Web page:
- Drill a hole in some hard, large conkers . Alternatively the holes can me made by piercing the conkers with a nail. But an electric drill starting with a small drill bit and increasing the size causes less damage to the inside of the conkers and helps with the hardening process
- Hardening is achieved by leaving the conkers for a long time or soaking them in vinegar overnight and baking then in the oven. Painting conkers with glue is frowned upon let alone varnishing them or pumping superglue down the drilled shaft of the conkers
- In any event a piece of string is threaded down the hole and a knot tied to stop the conker falling off
- The game is played with two people
- The game is started with a toss of the coin to decide who has first go
- The players take turns hitting each other’s conkers using their own. One of the conkers dangles on the string and the other player swings his to try to hit it
- The conker which eventually breaks is the loser
- New conkers are known as none-ers meaning they haven’t conquered anyone else’s
- If a none-er wins against another none-er it becomes a one-er. Winning conkers inherit the accumulated points of the loser plus a point for winning that game. So if a ‘two-e’r beats a ‘four-er’ he becomes a ‘seven-er’. It is not clear how the number of points is verified from one appearance to another or even whether they are the same conkers. There is ample opportunity for controversy and general falling out in these proceedings.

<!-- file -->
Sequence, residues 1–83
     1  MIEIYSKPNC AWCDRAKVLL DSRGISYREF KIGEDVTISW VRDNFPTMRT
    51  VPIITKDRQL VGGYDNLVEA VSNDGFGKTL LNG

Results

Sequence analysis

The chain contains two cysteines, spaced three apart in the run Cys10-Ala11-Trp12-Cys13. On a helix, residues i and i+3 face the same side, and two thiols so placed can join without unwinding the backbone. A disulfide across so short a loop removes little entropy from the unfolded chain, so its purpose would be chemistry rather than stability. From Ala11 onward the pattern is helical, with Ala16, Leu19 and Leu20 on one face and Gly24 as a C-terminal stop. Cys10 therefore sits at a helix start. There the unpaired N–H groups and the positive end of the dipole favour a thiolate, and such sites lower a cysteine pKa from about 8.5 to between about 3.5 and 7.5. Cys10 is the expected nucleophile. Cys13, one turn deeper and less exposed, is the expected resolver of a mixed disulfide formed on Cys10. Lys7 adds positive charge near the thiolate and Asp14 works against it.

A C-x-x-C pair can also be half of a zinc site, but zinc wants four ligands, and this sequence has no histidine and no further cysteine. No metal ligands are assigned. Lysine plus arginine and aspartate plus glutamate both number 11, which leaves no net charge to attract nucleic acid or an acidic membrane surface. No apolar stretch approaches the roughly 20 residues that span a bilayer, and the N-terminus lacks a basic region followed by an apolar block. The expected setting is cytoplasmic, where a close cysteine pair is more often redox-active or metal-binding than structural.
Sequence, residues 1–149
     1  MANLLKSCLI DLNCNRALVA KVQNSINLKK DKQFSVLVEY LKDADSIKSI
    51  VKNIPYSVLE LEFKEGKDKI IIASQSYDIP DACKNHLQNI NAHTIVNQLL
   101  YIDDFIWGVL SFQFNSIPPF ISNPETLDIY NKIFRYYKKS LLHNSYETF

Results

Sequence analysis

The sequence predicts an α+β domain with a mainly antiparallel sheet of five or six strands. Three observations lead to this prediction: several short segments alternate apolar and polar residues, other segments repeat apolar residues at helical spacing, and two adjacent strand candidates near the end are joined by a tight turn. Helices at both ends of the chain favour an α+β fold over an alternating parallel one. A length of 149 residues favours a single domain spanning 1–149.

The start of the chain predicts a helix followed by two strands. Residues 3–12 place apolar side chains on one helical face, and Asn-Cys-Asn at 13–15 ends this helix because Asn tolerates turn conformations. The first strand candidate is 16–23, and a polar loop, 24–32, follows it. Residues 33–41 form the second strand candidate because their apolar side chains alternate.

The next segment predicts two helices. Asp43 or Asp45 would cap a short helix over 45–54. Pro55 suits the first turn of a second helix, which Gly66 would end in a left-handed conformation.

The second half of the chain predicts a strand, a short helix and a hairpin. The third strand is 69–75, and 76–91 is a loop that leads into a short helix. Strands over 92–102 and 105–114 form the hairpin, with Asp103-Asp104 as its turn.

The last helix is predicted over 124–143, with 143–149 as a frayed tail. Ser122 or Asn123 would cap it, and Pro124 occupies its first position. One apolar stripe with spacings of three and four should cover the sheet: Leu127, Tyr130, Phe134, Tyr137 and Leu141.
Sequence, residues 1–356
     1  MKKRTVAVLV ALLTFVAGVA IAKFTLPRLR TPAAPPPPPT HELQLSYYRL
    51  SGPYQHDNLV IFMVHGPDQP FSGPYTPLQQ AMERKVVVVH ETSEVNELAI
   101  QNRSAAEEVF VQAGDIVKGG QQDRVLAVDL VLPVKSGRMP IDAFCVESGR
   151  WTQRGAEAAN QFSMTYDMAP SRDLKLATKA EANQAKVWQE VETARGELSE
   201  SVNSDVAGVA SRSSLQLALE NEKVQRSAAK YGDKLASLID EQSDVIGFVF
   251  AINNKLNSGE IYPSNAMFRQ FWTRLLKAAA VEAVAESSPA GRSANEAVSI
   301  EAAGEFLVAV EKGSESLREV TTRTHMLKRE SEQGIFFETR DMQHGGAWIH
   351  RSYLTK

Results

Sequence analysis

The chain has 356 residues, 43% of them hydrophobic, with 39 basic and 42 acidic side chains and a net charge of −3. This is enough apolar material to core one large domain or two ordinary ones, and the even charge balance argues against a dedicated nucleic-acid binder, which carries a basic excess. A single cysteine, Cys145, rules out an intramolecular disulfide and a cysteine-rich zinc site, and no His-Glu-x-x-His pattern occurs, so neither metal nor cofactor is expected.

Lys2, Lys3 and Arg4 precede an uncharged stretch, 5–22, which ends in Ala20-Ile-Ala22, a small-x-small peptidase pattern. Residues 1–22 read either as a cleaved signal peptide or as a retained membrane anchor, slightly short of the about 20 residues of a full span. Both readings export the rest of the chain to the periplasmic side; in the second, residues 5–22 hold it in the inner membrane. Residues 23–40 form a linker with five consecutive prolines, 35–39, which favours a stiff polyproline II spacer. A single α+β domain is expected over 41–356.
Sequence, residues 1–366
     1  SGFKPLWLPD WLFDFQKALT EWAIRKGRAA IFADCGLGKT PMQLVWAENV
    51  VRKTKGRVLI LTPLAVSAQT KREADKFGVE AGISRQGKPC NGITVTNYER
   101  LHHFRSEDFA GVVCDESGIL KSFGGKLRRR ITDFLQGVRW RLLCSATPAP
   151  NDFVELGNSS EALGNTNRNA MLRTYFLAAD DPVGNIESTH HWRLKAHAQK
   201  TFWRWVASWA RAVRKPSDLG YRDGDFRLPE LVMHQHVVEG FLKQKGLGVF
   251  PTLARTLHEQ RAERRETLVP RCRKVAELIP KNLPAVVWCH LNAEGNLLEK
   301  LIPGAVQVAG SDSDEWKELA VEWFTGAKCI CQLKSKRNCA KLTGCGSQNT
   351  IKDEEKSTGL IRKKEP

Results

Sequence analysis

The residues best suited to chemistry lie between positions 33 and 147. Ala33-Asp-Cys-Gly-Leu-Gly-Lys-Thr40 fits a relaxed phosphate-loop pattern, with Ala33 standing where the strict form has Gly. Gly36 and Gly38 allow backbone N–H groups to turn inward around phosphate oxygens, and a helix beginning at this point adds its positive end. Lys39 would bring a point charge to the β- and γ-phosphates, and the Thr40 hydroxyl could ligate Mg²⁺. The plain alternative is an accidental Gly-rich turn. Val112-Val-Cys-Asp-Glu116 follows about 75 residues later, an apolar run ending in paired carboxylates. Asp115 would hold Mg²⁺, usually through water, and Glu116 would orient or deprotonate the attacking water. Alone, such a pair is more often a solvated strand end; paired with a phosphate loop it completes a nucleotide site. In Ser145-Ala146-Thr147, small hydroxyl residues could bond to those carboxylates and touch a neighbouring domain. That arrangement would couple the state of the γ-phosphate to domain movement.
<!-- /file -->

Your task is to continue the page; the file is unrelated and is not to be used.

The hardest conkers are usually the winners. Conkers are hardened by keeping them for at least a year or by the various vinegar and baking tricks. In Liverpool and Ireland old conkers are called ‘seasoners’ or ‘laggies’ Difficulties occur because some methods of hardening are regarded as cheating whereas others are not. Why for example is keeping conkers for year considered cheating whilst some other enhancement treatments not? At some contests competitors have been banned from bringing their own conkers whereas the Campaign for Real Conkers argues that this is ‘regulation gone mad’. The main World Championship conkers event also restrict competitors to the conkers provided. At the British Junior Conkers Championships on the Isle of Wight in October 2005, contestants were banned from bringing their own conkers due to fears that they might harden them. The Campaign For Real Conkers claimed this was an example of the type of over-regulation which was causing a drop in interest in the game and does seem to take a great deal of the skill out of the game. It’s one thing to guard against competitors varnishing and pumping glue into the conkers but quite another to stop competitors exercising their skill in drilling a good hole